We thoroughly investigate the performance of the Dynamic Memdiode Model (DMM) when used for simulating the synaptic weights in large RRAM-based cross-point arrays (CPA) intended for neuromorphic computing. The DMM is in line with Prof. Chua’s memristive devices theory, in which the hysteresis phenomenon in electroformed metal-insulator-metal structures is represented by means of two coupled equations: one equation for the current-voltage characteristic of the device based on an extension of the quantum point-contact (QPC) model for dielectric breakdown and a second equation for the memory state, responsible for keeping track of the previous history of the device. By considering ex-situ training of the CPA aimed at classifying the handwritten characters of the MNIST database, we evaluate the performance of a Write-Verify iterative scheme for setting the crosspoint conductances to their target values. The total programming time, the programming error, and the inference accuracy obtained with such writing scheme are investigated in depth. The role played by parasitic components such as the line resistance as well as some CPA’s particular features like the dynamical range of the memdiodes are discussed. The interrelationship between the frequency and amplitude values of the write pulses is explored in detail. In addition, the effect of the resistance shift for the case of a CPA programmed with no errors is studied for a variety of input signals, providing a design guideline for selecting the appropriate pulse’s amplitude and frequency.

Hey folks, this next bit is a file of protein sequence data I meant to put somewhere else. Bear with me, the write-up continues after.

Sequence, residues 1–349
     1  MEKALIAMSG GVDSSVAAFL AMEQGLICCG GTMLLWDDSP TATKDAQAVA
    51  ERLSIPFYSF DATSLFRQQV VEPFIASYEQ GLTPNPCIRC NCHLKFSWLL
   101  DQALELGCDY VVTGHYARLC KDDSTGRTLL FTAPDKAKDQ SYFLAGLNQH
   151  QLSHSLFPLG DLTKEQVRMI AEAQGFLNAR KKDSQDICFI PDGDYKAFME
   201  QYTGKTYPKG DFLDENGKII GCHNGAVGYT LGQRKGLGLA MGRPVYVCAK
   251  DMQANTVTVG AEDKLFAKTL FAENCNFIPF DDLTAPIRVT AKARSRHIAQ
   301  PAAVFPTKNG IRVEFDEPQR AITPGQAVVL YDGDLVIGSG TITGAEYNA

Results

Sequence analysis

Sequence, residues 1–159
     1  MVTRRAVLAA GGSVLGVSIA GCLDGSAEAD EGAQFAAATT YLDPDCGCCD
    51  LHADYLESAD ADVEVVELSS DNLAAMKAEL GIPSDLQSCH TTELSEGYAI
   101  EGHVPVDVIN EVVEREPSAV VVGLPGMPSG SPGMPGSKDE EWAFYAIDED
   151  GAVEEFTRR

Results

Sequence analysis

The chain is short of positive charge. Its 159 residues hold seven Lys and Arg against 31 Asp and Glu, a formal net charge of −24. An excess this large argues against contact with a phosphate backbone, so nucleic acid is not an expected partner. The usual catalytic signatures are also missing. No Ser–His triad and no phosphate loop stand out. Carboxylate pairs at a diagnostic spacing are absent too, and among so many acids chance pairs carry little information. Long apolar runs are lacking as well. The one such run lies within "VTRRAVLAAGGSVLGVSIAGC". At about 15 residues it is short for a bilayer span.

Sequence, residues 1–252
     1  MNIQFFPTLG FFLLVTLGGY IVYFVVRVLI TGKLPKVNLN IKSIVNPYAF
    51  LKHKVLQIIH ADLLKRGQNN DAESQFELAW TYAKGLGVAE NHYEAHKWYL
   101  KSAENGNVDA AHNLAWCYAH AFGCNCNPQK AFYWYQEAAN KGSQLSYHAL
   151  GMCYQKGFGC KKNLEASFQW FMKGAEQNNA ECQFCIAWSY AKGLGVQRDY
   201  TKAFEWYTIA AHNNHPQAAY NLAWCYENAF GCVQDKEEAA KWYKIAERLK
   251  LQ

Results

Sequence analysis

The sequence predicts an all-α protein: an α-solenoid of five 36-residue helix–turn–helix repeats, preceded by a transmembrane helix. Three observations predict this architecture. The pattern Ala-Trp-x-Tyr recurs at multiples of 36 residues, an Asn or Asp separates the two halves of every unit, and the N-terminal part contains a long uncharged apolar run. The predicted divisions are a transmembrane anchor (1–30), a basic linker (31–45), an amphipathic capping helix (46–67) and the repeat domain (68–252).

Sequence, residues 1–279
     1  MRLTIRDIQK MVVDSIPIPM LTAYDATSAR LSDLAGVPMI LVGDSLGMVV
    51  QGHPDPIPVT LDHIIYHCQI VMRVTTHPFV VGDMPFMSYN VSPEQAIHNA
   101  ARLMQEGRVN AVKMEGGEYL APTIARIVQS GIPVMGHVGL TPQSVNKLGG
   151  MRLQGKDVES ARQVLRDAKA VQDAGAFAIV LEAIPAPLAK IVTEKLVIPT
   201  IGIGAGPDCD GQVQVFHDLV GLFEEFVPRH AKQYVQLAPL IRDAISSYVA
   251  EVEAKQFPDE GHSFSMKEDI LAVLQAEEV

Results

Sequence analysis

Bibliographical noteKAUST Repository Item: Exported on 2021-10-28
Acknowledgements: This work was supported in part by the Argentine Ministerio de Ciencia, Tecnología e Innovación (MINCyT) under Contract PICTE 2018-0192, Contract PICT 2016/0579, and Contract PME 2015-0196; in part by the CONICET under Project PIP-11220130100077CO; and in part by the UTN-FRBA under Project PID-UTN EIUTIBA4395TC3, Project PID-UTN CCUTIBA4764TC, Project PID-UTN MATUNBA4936, Project PID-UTN CCUTNBA5182, and Project PID-UTN CCUTNBA6615. The work of JS and EM was supported by the TEC2017-84321-C4-4-R project (Spanish Ministerio de Ciencia e Innovación). This work is supported by the EMPIR 20FUN06 MEMQuD project with funds from the EMPIR program co-financed by the Participating States and from the European Union’s Horizon 2020 research and innovation program. S.P. is currently also with the Physical Sciences and Engineering Division of the King Abdullah University of Science and Technology.